The rise of virtual assistants like Amazon Alexa, Google Home and other voice user interfaces has captured the imagination of the world over the past few years. More and more, we are interacting with connected Internet of Things devices using our voices instead of through phones and computers.
Just because we us natural language more than we used to, however, does not mean that screens won’t be involved going forward. Chatbots, another user interface trend, has overlaps with voice interfaces. Chatbots rely on artificial intelligence to translate natural human language into computer commands, but unlike voice interfaces, Chatbots depend on the use of a screen.
Natural Language Processing, Connect With Your Home Through Facebook Messenger
French electronics company Netatmo is betting that some users will want to communicate with smart homes through text. Netatmo is known for developing connected devices, including security cameras, smoke alarms, weather stations, rain gauges, thermostats, indoor air quality monitors and more.
To help users control all these devices, Netatmo launched the Smart Home Bot at the electronics industry show CES in January 2018. Integrated with Facebook Messenger, the bot lets users ask questions and issue commands through natural language.
For example, users with home security systems could text the bot “Who is at home?” and receive real-time photos in response. Netatmo also says users could say “I’m leaving” to initiate multiple commands at once, such as arming the security system, turning off lights, and changing the thermostat.
“In places where you either can’t — or wouldn’t want to use voice commands — instead type out questions to the Smart Home Bot. Ask it about the current weather, who’s at home or even instruct it to turn on lights.
The chatbot is available for use now in English; additional languages are expected to follow later in 2018. Just open up a chat in Messenger and start talking. The bot’s “Natural Language Processing” should understand.”
While some users may prefer to issue commands to their home systems using their voices, others worry about the privacy implications of having an always-listening connected device in the home, or more so when outside, especially given rising consumer concerns around data privacy. So, for some, a Chatbot interface is a better option.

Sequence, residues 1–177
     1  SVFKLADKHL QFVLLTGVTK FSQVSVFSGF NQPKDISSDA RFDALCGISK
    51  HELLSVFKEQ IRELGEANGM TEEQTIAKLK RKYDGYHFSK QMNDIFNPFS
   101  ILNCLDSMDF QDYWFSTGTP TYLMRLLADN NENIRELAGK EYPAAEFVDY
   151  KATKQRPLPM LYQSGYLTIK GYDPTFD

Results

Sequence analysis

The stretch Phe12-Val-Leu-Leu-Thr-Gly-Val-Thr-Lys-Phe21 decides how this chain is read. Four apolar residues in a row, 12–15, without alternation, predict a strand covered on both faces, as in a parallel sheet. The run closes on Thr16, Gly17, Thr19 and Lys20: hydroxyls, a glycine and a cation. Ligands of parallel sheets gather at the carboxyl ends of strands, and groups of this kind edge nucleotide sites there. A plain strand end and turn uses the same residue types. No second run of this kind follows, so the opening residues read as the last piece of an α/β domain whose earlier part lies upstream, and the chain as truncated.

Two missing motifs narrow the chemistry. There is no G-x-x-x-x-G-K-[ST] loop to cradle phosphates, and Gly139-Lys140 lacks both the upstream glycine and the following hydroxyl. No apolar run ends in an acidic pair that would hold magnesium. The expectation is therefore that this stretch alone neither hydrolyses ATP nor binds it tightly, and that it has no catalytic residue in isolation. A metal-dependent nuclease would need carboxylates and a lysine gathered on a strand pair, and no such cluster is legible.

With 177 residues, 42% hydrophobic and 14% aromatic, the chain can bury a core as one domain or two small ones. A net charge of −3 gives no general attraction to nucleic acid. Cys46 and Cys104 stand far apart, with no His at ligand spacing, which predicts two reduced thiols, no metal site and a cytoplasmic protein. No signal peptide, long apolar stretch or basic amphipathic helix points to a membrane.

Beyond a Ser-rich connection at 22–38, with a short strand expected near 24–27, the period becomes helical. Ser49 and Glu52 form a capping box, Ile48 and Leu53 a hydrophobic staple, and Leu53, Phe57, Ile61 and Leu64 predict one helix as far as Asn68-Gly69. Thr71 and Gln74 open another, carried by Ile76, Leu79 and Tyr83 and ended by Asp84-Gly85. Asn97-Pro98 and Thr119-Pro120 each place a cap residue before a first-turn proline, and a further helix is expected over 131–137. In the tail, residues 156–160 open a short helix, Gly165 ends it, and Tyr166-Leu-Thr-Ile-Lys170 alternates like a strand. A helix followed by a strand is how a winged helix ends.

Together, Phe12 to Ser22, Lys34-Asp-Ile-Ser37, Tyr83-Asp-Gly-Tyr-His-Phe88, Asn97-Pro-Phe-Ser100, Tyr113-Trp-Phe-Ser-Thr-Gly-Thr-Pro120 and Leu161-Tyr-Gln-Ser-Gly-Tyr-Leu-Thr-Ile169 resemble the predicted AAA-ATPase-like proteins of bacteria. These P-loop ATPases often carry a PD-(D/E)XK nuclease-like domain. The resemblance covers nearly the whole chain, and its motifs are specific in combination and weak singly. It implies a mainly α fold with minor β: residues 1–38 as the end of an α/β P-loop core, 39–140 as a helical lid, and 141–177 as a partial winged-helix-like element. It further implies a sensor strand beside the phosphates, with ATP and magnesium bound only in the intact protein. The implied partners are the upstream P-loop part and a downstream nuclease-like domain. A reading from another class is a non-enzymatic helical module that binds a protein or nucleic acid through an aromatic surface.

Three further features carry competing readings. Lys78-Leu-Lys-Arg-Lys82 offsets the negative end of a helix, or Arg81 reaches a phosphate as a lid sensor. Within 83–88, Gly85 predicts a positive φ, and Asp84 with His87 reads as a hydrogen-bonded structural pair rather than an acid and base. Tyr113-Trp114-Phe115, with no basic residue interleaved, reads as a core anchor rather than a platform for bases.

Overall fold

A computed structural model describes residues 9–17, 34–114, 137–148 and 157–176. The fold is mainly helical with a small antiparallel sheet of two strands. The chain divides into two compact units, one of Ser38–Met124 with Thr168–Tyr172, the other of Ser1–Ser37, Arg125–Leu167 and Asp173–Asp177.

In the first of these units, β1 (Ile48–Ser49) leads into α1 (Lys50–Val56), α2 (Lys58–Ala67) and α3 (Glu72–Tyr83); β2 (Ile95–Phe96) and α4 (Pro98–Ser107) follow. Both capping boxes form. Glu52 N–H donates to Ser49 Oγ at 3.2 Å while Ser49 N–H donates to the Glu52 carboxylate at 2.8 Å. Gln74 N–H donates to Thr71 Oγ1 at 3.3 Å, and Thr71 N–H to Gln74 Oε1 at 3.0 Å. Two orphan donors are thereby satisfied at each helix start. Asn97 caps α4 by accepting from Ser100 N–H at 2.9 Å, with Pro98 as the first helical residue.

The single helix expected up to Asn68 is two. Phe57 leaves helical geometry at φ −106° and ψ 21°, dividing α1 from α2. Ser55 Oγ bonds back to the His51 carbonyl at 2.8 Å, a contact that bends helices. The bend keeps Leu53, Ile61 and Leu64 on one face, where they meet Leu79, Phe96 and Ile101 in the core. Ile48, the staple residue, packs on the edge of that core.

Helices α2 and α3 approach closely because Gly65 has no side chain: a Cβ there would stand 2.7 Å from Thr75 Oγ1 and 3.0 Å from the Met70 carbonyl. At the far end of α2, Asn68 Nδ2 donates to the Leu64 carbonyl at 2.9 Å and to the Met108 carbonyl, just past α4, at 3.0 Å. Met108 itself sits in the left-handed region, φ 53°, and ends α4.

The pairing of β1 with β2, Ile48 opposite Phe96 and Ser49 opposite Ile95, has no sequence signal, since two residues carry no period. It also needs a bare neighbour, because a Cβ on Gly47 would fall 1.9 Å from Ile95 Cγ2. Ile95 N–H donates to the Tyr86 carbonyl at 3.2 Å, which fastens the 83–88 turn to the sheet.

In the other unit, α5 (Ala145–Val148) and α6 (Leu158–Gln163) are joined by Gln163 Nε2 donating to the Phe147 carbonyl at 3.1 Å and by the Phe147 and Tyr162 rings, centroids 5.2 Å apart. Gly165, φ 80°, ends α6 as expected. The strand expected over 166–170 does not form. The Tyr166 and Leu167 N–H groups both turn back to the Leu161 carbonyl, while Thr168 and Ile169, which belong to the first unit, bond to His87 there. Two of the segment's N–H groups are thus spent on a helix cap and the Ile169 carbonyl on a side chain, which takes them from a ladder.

Chatbots for the Kitchen
Chatbot technology is still in its early stages for the smart home, but nevertheless, there are still some intriguing possible use cases being developed.
The Joule is a connected sous vide tool that helps home chefs cook food to the perfect temperature. The product’s creators, ChefSteps, created a Facebook Messenger bot to help users decide exactly how to cook different foods. For example, it can help users decide how long to cook a steak based on its exact thickness.
Facebook Messenger isn’t for everyone, though, so some companies are looking for other alternatives. Unified Inbox, a small company based in Singapore, is developing a smart home user interface based on text messaging. Its UnificationEngine product translates text messages into instructions that connected object can understand.
“Using Natural Language Processing (NLP), UnificationEngine (UE) allows you to remotely control and receive alerts and notifications from your devices on the communications channels you use most, eliminating the need for a separate app for each device.”
“Think of it as a universal translator between the languages that machines speak … and us humans,” Toby Ruckert, Unified Inbox’s CEO, told Reuters.
Partners such as IBM Watson have worked with the company to develop a better understanding of messages from users and even collaborated to use text messaging to control a Samsung Robot Cleaner.
Despite the rush to embrace voice-based user interfaces, many people still dislike speaking out loud to a machine. Texting, however, has become second nature for many. For this reason, it’s likely that Chatbots and text-based messaging will continue to have a role in managing our growing number of connected devices over the coming years.